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Supplementation during the summer drought period

While the difficult drought conditions continue, it is important that farmers provide supplementation and adequate volumes of water to maintain condition score on animals and reduce any heat-related repercussions.

The drought conditions continue to cause a lot of havoc to all farmers across the country and unfortunately, it is expected to last for another two weeks. In some areas soil moisture deficits are as high as 80 mm of which is having a detrimental effect on grass growth rates with some records suggesting growth rate is very low at 45 kg DM per day. As a result, average grass covers are falling throughout the country, consequently leading to increased supplementation on dairy and beef farms. It is important that farmers are strategically focused on providing economical supplementation, well in advance to make sure there is a certain proportion of grazed grass in the diet for respective dairy and beef animals. Otherwise the cost of providing supplementation will be increased significantly with offering a high proportion of ration or cubes. The aim must be to extend the rotation length out to 25-30 days on farms and balance the herd demand with forage, ration or concentrates.

Once the amount of daily grass allowance is known the deficit can be formulated in a diet to maintain milk performance in dairy herds or average daily gain on beef farms. The shortfall can be balanced with forage in particular baled grass silage or hay either at grass in the paddocks or indoors (after milking or beef cattle could be housed during the day and left out to grass at night when temperature has subsided). If the forage supplementation is high, a form of concentrates or rations should be offered to achieve an overall balanced diet. Straights such as soya hulls, beet pulp and palm kernel are being offered in conjunction with compound feeds to stretch the deficit. In some instances dairy farmers are offering up to 4 kilograms of soya hulls and 6 kilograms of compound feed in the parlour and baled silage.  It will be important to increase the content of protein up to 16% in the compound feed if a high level of supplementation is required to balance the overall diet. It is important to note if dairy cows are being offered grass silage fulltime, the crude protein of compound feed must be adjusted to 18% to maintain milk performance. For store cattle I would recommend offering 4-5 kilograms of a high energy ration or cube to maintain average daily growth rates. If finishing cattle, they should be housed indoors and offered ad-lib to reduce the grazing pressure on the grazing platform.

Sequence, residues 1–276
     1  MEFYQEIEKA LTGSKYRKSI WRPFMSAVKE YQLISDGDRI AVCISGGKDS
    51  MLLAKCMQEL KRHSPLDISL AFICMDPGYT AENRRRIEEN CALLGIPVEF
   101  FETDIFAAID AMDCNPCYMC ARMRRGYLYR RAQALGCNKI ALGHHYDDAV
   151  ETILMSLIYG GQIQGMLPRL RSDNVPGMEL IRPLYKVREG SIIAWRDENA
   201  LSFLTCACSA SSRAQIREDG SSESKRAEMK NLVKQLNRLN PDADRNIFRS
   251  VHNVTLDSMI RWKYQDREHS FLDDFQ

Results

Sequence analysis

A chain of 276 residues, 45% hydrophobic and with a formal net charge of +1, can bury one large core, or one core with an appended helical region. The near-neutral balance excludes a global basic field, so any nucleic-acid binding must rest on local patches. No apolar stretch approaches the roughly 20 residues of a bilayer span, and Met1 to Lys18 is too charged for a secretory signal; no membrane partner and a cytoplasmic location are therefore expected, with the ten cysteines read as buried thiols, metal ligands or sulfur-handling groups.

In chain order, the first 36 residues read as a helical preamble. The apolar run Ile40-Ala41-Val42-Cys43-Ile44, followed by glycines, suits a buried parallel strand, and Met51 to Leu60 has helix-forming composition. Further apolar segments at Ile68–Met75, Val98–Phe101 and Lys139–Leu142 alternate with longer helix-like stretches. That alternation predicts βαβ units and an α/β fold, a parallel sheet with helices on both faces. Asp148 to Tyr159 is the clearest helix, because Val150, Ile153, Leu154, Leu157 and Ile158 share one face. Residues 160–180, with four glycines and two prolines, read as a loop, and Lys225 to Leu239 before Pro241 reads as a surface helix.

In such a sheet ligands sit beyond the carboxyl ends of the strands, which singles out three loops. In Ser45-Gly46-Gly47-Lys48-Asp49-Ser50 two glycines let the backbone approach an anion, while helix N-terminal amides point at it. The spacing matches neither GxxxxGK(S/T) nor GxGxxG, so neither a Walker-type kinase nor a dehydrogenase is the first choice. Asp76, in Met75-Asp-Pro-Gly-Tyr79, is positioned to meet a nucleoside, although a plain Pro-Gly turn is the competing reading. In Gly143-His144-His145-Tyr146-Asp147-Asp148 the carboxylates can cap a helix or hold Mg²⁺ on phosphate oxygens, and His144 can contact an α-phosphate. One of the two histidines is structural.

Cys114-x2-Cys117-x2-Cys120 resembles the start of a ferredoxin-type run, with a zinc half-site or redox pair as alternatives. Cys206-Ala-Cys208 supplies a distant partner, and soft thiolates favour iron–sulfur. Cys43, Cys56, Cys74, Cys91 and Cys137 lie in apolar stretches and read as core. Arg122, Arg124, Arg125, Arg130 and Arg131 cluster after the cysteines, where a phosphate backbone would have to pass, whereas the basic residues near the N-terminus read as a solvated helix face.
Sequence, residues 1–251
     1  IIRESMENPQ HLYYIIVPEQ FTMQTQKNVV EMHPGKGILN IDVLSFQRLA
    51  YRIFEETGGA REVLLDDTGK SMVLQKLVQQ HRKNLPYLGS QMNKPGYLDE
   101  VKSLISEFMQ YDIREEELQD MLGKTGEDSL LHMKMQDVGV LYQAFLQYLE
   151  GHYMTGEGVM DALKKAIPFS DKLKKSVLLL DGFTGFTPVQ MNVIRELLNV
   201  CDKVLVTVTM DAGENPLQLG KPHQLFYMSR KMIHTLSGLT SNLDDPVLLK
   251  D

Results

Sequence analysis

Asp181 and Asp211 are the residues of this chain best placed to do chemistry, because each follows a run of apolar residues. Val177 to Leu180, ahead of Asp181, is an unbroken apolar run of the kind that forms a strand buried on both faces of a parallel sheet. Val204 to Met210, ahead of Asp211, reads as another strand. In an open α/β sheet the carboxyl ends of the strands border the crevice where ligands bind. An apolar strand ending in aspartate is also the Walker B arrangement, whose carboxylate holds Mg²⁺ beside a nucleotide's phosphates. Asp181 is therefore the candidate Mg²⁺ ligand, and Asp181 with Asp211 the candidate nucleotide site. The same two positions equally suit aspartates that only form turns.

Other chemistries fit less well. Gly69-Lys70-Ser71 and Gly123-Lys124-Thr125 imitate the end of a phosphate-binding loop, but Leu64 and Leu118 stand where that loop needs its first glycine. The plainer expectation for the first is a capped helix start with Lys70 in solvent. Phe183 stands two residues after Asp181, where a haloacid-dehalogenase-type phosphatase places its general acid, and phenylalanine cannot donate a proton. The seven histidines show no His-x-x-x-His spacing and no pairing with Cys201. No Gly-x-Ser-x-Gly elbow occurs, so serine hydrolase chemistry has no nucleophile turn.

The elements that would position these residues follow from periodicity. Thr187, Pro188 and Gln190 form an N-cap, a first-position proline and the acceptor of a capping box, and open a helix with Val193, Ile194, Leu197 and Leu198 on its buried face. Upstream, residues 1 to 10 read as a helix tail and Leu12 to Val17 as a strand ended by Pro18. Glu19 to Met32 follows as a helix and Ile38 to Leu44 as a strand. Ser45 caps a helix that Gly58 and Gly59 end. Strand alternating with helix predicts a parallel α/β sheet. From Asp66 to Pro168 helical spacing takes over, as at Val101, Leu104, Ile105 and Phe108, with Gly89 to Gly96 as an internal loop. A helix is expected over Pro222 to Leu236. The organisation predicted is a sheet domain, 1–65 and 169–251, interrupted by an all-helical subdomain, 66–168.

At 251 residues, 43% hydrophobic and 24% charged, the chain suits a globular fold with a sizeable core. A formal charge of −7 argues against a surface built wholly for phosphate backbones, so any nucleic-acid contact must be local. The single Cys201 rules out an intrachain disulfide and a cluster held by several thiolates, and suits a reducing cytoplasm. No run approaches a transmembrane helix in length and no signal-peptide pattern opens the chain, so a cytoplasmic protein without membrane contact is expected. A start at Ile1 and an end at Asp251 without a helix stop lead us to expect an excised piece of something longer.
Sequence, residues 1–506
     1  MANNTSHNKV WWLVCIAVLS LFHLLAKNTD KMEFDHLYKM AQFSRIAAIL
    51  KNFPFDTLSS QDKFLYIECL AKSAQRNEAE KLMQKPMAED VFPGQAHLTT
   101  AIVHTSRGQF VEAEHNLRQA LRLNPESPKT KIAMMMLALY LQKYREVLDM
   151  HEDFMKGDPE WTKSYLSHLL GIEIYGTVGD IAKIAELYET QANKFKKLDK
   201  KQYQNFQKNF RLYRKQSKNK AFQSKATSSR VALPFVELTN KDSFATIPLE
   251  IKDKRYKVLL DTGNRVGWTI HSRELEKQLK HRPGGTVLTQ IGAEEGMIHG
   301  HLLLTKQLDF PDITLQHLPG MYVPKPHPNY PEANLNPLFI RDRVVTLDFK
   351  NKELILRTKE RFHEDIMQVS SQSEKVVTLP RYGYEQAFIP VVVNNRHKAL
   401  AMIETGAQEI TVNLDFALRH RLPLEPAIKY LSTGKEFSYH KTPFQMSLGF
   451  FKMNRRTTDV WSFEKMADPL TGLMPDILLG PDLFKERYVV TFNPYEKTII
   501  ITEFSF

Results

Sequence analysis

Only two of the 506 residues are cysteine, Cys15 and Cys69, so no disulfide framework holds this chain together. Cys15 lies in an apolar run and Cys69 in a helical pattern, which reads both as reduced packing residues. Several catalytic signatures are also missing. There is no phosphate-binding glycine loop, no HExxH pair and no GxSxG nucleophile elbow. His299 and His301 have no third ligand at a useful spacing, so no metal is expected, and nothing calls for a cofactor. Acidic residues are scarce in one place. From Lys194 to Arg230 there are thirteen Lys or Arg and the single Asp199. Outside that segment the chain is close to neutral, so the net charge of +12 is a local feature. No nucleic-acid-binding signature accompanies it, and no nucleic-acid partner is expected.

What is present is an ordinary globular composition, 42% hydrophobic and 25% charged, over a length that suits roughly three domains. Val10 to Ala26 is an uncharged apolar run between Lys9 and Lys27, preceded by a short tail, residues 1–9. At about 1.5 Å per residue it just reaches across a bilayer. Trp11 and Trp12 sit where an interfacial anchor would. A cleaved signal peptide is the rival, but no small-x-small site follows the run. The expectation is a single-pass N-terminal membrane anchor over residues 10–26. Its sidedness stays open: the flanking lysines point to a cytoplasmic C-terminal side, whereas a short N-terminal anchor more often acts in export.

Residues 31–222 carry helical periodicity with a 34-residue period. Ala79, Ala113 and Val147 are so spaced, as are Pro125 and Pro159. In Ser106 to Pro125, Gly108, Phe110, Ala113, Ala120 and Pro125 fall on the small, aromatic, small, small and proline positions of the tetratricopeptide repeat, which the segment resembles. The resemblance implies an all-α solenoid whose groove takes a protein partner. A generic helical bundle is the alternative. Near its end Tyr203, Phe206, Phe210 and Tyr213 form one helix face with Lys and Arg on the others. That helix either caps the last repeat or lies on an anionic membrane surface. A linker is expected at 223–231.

It is important not to forget about the essential nutrient required for all species – water. Water is essential for many functions, but is often overlooked so thereby in periods of drought, it is more crucial as consumption is almost doubled in some cases where air temperature, diet composition and higher dry matter in grass swards are reported. Studies have reported a negative effect between low water quality and a decrease in milk production.  It will be vital to provide fresh water at all times to maintain the correct electrolyte balance for dairy and beef animals.

It is important in these times of drought, health, metabolic and performance of animals is not compromised as it may have repercussions in the near future e.g. inadequate energy or protein in the diet may result in excessive body condition loss, heat stress may result in embryonic loss. We all need to be aware that when the weather changes it will take a further two weeks to achieve typical grass growth rates for the time of the year. In summary, I would be advising all farmers to complete a farm cover to find out how much supplementation is required and consult with their local RED MILLS feed sales representative for advice.

For further information, contact the Red Mills nutrition team.

  • Tags:
  • Agri
  • animal health
  • animal nutrition
  • cows
  • dairy
  • dry matter
  • feed
  • heifers